imminent danger is subject to the same notice pleading requirement as that which applies to
prisoner complaints. Id. Consequently, a prisoner must allege facts in the complaint from which
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the Court could reasonably conclude that the prisoner was under an existing danger at the time he
filed his complaint, but the prisoner need not affirmatively prove those allegations. Id.
Plaintiff’s claims largely stem from his complaints regarding the procedures of the
Michigan Parole Board. (Am. Compl., ECF No. 5, PageID.85–98; see Compl., ECF No. 1,
PageID.7–19.) Plaintiff contends that “on/about May 5, 2021[,] the Board attempted ‘a review of
lifer’s files’ by denying the decree of ‘an organic Constitution.’” (Am. Compl., ECF No. 5,
PageID.85; see Compl., ECF No. 1, PageID.7.) Plaintiff alleges that the “Parole Board contends
‘they owe no duty to disclose who entered a courthouse or the government on any level and
asserted a constitutional loss or injury entry.’” (Am. Compl., ECF No. 5, PageID.85 (emphasis
omitted).) Plaintiff also presents retaliation claims regarding his “5–6 [transfers] in 13 months for
writing grievances challenging ‘commitment papers’” and his placement on a “mental ward” in
June of 2020. (Id., PageID.103–04.) Plaintiff contends that Defendants are “using a facade of
‘mental health’ to keep [him] in ‘isolation/mental ward’ to exacerbate into psychotic depression
and decompensate until [he] loses insight on constitutional limitation.” (Id., PageID.104.) Plaintiff
also contends that Defendants are “killing [him] with stress devices and [a] ‘war of nerves’ to
protect their financial gain,” and that “[t]his is a true political assassination in order to hide what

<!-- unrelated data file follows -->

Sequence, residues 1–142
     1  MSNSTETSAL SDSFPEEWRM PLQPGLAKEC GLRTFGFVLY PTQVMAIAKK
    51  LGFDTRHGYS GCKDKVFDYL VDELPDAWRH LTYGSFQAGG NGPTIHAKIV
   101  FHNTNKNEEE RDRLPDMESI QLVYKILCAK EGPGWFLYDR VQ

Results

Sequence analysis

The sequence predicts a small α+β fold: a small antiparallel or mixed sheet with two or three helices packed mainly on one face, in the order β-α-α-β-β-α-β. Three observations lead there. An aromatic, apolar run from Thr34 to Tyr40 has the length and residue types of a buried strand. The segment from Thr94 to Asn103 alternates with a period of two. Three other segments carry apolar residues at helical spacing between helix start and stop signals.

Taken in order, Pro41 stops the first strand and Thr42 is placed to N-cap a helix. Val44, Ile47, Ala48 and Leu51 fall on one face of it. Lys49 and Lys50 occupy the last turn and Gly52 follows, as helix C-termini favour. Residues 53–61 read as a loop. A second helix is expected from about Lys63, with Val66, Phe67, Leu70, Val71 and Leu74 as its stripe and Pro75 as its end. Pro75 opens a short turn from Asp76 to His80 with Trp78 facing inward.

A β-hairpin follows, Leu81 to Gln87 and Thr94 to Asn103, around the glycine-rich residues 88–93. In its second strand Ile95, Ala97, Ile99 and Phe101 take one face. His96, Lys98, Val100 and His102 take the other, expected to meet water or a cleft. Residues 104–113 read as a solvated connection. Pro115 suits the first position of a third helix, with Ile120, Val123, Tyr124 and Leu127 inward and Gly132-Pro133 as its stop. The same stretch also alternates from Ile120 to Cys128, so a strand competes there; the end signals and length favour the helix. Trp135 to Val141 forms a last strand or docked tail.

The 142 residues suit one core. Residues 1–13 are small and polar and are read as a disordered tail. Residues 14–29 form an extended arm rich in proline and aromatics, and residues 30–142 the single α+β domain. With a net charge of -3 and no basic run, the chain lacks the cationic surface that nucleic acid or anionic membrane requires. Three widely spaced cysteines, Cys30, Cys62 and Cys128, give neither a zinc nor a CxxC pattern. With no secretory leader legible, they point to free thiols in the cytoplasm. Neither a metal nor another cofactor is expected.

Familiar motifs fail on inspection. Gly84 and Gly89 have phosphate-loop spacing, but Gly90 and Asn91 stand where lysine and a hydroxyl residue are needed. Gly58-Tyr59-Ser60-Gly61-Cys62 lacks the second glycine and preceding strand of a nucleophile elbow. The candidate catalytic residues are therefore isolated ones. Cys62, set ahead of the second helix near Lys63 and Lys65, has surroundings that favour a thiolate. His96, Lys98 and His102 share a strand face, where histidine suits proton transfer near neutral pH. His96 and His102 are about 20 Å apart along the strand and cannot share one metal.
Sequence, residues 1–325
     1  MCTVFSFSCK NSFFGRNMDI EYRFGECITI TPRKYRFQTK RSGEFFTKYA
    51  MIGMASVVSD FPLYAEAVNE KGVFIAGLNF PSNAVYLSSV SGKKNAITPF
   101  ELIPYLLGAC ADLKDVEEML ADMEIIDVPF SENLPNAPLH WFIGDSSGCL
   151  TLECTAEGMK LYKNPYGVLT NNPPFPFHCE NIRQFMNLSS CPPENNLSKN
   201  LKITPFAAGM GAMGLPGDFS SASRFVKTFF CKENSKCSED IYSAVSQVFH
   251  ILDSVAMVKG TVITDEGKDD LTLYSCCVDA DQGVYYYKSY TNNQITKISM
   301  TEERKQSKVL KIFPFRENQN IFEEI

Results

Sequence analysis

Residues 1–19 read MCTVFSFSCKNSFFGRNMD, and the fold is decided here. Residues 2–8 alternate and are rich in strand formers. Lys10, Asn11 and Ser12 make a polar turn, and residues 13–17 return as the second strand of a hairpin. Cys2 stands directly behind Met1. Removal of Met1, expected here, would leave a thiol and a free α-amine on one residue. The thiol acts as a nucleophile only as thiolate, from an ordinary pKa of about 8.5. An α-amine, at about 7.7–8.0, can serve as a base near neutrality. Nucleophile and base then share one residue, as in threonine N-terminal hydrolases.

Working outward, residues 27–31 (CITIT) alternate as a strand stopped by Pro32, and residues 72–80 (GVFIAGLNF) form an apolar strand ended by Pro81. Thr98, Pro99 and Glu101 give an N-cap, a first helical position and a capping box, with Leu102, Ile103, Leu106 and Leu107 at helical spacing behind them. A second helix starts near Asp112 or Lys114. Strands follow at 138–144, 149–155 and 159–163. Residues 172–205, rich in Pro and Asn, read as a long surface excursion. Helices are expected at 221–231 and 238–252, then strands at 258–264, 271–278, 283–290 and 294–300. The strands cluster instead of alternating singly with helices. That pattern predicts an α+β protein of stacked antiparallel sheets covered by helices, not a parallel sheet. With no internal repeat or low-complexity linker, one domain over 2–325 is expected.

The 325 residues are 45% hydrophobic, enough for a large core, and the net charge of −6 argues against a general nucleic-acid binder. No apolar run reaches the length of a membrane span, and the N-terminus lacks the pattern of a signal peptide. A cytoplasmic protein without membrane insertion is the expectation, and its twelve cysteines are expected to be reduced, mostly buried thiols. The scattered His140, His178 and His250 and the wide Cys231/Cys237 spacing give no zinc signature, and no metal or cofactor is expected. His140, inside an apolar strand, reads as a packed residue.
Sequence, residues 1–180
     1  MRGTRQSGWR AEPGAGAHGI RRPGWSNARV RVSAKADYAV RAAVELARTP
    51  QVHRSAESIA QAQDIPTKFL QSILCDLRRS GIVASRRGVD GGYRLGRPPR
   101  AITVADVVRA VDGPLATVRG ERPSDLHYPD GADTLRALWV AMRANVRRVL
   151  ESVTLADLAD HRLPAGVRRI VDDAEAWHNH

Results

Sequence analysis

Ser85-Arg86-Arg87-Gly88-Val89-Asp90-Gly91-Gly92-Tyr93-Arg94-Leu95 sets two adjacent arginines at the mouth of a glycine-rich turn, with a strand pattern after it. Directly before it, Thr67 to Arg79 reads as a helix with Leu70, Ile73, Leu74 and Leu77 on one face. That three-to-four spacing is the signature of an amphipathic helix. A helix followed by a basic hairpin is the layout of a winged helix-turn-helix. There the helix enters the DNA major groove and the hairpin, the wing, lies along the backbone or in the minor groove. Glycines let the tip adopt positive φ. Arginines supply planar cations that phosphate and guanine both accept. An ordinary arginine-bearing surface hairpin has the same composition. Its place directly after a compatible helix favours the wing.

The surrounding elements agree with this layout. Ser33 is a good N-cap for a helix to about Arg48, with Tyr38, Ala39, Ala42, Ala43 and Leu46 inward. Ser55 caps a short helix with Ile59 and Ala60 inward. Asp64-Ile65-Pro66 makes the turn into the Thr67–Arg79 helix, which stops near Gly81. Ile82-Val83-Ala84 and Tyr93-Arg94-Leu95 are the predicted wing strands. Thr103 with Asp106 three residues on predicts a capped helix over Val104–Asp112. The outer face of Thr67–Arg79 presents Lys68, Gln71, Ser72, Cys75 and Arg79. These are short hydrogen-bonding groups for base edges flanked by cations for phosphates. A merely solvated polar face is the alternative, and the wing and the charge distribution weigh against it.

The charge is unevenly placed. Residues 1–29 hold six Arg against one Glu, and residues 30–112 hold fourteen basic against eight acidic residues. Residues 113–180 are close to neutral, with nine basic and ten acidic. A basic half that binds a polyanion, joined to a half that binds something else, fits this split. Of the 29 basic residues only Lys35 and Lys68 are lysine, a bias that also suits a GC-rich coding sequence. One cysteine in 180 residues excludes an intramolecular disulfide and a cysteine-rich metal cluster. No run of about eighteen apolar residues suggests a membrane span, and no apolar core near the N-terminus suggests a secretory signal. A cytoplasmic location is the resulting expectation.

could be a scam executed statewide by state officials giving themselves titles like warden,
attorney general, police [and] judges while circumventing the decree of an organic Constitution
and due process.” (Id.)
Although Plaintiff’s allegations that Defendants are “killing [him] with stress devices and
[a] ‘war of nerves’ to protect their financial gain,” and that he is subject to “a true political
assassination in order to hide what could be a scam executed statewide by state officials” suggest
that Plaintiff may face some sort of danger (id.), a court “may deny a prisoner leave to proceed
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pursuant to § 1915(g) when,” as is the case here, “the prisoner’s claims of imminent danger are
conclusory or ridiculous, or are clearly baseless (i.e. are fantastic or delusional and rise to the level
of irrational or wholly incredible).” Vandiver, 727 F.3d at 585 (quoting Rittner, 290 F. App’x
at 798). Further, Plaintiff’s conclusory allegations of any imminent danger fall well short of
meeting the requisite notice pleading standard of Rule 8 of the Federal Rules of Civil Procedure.
Id. The allegations of the complaint and amended complaint therefore are insufficient to allow the
Court to reasonably conclude that Plaintiff was in imminent danger at the time he initiated this
Therefore, § 1915(g) prohibits Plaintiff from proceeding in forma pauperis in this action.
Plaintiff has twenty-eight (28) days from the date of entry of this order to pay the civil action filing
fees, which total $402.00. When Plaintiff pays his filing fees, the Court will screen his complaint
as required by 28 U.S.C. § 1915A and 42 U.S.C. § 1997e(c). If Plaintiff does not pay the filing
fees within the 28-day period, this case will be dismissed without prejudice, but Plaintiff will
continue to be responsible for payment of the $402.00 filing fees.
United States Magistrate Judge
May 9, 2022